Training feedback

5 must-remember tips when creating questionnaires

Mistakes too frequent in feedback forms

There are some common mistakes I often see in training feedback questionnaires (as well as in any type of questionnaire I’m asked to complete). They are annoying and they make me answer less accurately, leading to less useful resuts. To help you create better questionnaires I’ve compiled the top 5 mistakes in my experience. Adhering to all of the points below will get you a much fairer result as well making your respondents happier overall. Have a read through and try to remember when creating your next feedback form!

1. Include the middle ground

When working with Likert-scales you have the option to have either an even or odd number of possible answers. Whichever you decide will impact the results you get, and before deciding on your scale you need to understand how. As an example, compare these two tables:

The people choosing the middle option 3 in an odd scale are forced to make a decision with an even scale. They will lean either way and logically their choices should follow those of the other respondents, giving the same number of answers towards both directions. With an even scale, you could say that 50% agree with the statement whereas with an odd scale you could say that 40% agree with the statement. Which is more correct? Rather than answering this question right off I’d propose answering it giving all the statistics when presenting the results: 40% agreed, 40% disagreed and 20% did neither.

Though both an even and odd scale work, in my experience you need to be careful when selecting an even scale. Respondents may be too lazy to correctly decide what they want to answer when they are forced to. Giving them the option to say that they have no opinion will in general make both you and the respondent more satisfied.

2. Define the scale

Did you ever consider that your and the respondent’s view of a scale are not the same? Assume the respondent wants to answer “very good” to the following question:

On a scale 1–10, with 10 being the highest, how did you find the training material?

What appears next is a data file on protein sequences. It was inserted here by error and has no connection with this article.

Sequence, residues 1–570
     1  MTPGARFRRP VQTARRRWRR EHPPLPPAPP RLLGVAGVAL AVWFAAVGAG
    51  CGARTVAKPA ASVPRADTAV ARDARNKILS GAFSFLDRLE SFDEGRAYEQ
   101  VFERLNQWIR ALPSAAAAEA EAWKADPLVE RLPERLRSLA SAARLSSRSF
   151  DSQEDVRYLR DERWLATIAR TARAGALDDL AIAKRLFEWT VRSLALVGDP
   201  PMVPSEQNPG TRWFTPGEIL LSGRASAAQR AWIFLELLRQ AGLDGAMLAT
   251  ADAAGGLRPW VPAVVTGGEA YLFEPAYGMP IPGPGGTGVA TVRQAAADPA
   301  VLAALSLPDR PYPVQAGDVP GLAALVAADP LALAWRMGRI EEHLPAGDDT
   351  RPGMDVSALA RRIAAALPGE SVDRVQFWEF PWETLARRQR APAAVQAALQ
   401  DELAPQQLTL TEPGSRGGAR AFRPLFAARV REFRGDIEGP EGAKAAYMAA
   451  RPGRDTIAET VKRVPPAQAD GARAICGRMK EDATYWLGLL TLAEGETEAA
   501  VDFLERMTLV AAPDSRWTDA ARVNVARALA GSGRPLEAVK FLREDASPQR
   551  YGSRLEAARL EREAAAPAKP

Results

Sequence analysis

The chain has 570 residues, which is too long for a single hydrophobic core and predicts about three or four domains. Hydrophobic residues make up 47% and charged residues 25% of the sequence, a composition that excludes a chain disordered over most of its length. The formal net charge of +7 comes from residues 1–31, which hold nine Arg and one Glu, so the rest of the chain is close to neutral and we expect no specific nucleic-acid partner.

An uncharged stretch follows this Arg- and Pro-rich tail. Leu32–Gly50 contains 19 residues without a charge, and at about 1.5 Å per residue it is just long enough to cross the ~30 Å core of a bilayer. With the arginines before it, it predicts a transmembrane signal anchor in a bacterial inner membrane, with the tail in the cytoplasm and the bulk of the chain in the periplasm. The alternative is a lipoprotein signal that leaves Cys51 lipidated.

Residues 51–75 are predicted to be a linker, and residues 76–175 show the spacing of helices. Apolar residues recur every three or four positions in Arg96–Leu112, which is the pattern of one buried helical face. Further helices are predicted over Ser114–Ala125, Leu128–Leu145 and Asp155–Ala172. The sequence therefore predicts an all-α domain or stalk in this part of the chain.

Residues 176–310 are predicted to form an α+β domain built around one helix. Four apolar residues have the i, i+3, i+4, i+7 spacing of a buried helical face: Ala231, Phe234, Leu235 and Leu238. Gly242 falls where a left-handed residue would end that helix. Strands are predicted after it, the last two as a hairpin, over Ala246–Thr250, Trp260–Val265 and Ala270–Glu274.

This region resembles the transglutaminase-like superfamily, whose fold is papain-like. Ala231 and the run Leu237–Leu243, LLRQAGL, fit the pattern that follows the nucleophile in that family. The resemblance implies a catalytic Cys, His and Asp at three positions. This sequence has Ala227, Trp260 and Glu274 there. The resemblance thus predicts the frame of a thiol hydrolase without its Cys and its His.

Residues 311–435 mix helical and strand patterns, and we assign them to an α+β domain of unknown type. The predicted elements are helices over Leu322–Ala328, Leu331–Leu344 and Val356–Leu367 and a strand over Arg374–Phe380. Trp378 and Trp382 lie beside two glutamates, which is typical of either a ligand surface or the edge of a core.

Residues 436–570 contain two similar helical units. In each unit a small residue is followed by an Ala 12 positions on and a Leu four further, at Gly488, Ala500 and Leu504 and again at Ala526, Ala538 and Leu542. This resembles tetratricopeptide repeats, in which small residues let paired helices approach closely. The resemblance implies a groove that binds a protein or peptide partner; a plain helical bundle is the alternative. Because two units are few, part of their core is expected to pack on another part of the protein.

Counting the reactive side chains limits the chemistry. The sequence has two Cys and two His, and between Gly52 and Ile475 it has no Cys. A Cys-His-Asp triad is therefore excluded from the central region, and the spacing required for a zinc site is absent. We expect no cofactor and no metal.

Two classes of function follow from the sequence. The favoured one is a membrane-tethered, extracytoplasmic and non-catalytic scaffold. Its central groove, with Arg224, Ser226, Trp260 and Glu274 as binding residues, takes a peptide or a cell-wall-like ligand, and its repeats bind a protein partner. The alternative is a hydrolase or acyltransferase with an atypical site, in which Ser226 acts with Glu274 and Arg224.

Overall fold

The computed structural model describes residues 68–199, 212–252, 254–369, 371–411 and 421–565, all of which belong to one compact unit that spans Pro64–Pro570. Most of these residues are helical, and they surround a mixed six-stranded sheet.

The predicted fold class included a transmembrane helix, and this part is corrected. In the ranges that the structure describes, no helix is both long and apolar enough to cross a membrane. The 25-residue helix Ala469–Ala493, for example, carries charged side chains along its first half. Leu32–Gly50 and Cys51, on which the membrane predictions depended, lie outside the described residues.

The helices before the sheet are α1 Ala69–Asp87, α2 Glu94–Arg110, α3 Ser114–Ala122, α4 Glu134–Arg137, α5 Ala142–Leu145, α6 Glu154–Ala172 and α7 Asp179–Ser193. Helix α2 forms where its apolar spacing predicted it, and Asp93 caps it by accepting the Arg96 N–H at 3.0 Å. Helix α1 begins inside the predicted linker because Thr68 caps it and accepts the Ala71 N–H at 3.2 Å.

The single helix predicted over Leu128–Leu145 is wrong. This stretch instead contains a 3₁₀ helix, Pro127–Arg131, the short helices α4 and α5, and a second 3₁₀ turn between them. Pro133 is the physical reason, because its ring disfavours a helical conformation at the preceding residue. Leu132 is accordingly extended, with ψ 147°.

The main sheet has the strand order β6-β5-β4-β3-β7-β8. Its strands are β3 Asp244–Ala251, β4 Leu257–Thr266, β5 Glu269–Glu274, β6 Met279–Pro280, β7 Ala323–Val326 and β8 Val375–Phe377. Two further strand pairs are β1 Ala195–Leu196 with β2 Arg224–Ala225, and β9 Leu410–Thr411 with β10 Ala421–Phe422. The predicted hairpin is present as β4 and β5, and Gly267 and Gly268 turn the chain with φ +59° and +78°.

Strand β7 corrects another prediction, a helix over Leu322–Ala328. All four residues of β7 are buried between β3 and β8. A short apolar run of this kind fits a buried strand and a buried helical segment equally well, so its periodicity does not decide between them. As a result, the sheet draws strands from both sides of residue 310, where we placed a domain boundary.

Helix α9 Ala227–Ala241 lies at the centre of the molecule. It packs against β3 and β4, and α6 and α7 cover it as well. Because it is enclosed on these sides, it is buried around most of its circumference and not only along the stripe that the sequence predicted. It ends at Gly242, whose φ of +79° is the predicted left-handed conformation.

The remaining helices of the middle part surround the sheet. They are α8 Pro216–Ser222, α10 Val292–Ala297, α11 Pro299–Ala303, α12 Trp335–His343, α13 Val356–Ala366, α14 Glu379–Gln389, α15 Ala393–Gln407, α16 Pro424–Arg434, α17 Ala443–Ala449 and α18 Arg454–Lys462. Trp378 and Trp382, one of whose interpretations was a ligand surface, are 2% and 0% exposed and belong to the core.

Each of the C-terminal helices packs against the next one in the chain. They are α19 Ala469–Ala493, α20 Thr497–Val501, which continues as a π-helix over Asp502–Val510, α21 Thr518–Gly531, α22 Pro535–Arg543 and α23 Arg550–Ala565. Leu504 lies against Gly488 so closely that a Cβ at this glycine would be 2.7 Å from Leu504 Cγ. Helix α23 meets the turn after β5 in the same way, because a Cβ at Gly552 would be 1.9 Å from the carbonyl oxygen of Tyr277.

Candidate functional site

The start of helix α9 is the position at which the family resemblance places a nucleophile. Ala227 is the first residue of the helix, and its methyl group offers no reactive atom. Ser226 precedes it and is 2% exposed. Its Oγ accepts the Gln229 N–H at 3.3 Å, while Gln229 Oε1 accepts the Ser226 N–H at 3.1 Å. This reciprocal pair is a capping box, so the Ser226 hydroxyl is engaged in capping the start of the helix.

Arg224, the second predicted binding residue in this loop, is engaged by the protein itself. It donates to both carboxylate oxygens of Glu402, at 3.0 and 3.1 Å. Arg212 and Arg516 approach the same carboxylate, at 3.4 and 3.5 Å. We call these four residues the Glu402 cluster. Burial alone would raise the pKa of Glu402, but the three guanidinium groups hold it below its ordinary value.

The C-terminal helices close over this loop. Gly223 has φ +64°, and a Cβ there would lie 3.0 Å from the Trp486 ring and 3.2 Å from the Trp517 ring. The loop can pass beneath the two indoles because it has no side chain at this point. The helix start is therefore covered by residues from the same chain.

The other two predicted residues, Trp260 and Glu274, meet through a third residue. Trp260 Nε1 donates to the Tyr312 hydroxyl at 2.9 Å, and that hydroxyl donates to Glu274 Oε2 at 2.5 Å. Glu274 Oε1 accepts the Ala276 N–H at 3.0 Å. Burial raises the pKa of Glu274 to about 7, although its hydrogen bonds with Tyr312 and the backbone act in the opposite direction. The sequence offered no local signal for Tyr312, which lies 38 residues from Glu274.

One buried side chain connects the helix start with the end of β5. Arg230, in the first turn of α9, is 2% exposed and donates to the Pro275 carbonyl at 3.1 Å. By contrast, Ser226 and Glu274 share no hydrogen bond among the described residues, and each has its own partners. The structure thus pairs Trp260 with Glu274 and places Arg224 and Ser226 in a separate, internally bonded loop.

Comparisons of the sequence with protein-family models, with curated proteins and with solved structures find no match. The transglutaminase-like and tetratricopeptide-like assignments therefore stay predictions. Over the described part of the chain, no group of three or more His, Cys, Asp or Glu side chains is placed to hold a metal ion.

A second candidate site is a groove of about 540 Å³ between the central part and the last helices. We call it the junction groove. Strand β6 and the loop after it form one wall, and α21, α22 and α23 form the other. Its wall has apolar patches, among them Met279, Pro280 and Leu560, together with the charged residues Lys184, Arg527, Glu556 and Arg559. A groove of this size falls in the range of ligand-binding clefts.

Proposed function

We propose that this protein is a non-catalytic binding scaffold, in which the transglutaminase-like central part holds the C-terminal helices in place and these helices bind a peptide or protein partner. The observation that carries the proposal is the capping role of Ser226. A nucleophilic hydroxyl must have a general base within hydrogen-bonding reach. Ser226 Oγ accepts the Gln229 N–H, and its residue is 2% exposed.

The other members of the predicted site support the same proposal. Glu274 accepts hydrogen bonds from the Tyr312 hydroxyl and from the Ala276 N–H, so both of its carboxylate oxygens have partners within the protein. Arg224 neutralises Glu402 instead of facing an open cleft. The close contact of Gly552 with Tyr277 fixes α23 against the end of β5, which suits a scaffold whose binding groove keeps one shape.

Where would you put “very good”?

Are you sure other respondents would do the same?

Depending on how the respondent defines “very good” the answer might be anything on that scale. Perhaps the respondent sees 1 as bad and 10 as very good, perhaps he/she sees 1 as good and 10 as excellent? When you later evaluate the response, how do you know the respondent’s definition of the scale?

To avoid these problems you always need to have the scale defined. At the very least define the top, bottom and middle points. Preferably every point in the scale should be defined, reducing the number of definition-errors. Also aim to use fairly simple words for the definitions, in order to overcome language problems.

3. Don’t ask the impossible

Even at top-name consulting agencies I’ve come across surveys asking for a Yes/No-answer using a graded scale. This surprises me as trying to answer such a question, while maintaining logic, is impossible. Consider the following question:

Would you recommend this training to your colleague?

1. Fully agree

2. Somewhat agree

3. Neither agree/disagree

4. Somewhat disagree

5. Fully disagree

- No answer

The question in this case is asking for a Yes or No answer while the only answering possibilities are how much you agree. This question either needs to have other answering options (Yes/No/Maybe) or to be rephrased into a statement, like this:

I would recommend this training to a colleague

4. Have an option to opt out

Even though you’d like a 100% response rate on all questions, you can’t force the respondent to answer questions he/she doesn’t have a clue about. The difference compared to the middle ground option discussed in the beginning is that not all questions may be applicable, even if the respondent would like to answer. Consider the below question:

How would you rate day 2 of the training?

5. Excellent

4. Good

3. Ok

2. Bad

1. Awful

What if the respondent was ill and couldn’t take part on the second day, how should he/she respond? Ensure that you always include an option saying No answer, Not applicable or something similar. This way you will have less frustrated respondents, and more correct results. Also remember that when presenting the results you need to specify whether your percentage is of the total number of respondents (including the n/a-answers), or of this question’s number of respondents (excluding the n/a-answers).

5. Avoid negations

Consider the following statement:

I’m not unhappy with the seating.

If you liked the seating, should you answer that you agree or disagree with this statement? Most people will have to think some before answering this question, something that will both confuse the respondent and may cause incorrect answers. In this example, if you agree with the statement then you are saying that you like the seating. Even if the respondent may spend enough time to correctly answer this question, will the reviewer correctly identify the answers?

A much better way to ask the very same question would be:

I’m happy with the seating.

By removing both the negating not and the negative unhappy you make it much easier to work with this question.

Was there something you didn’t agree with? Leave me a comment!

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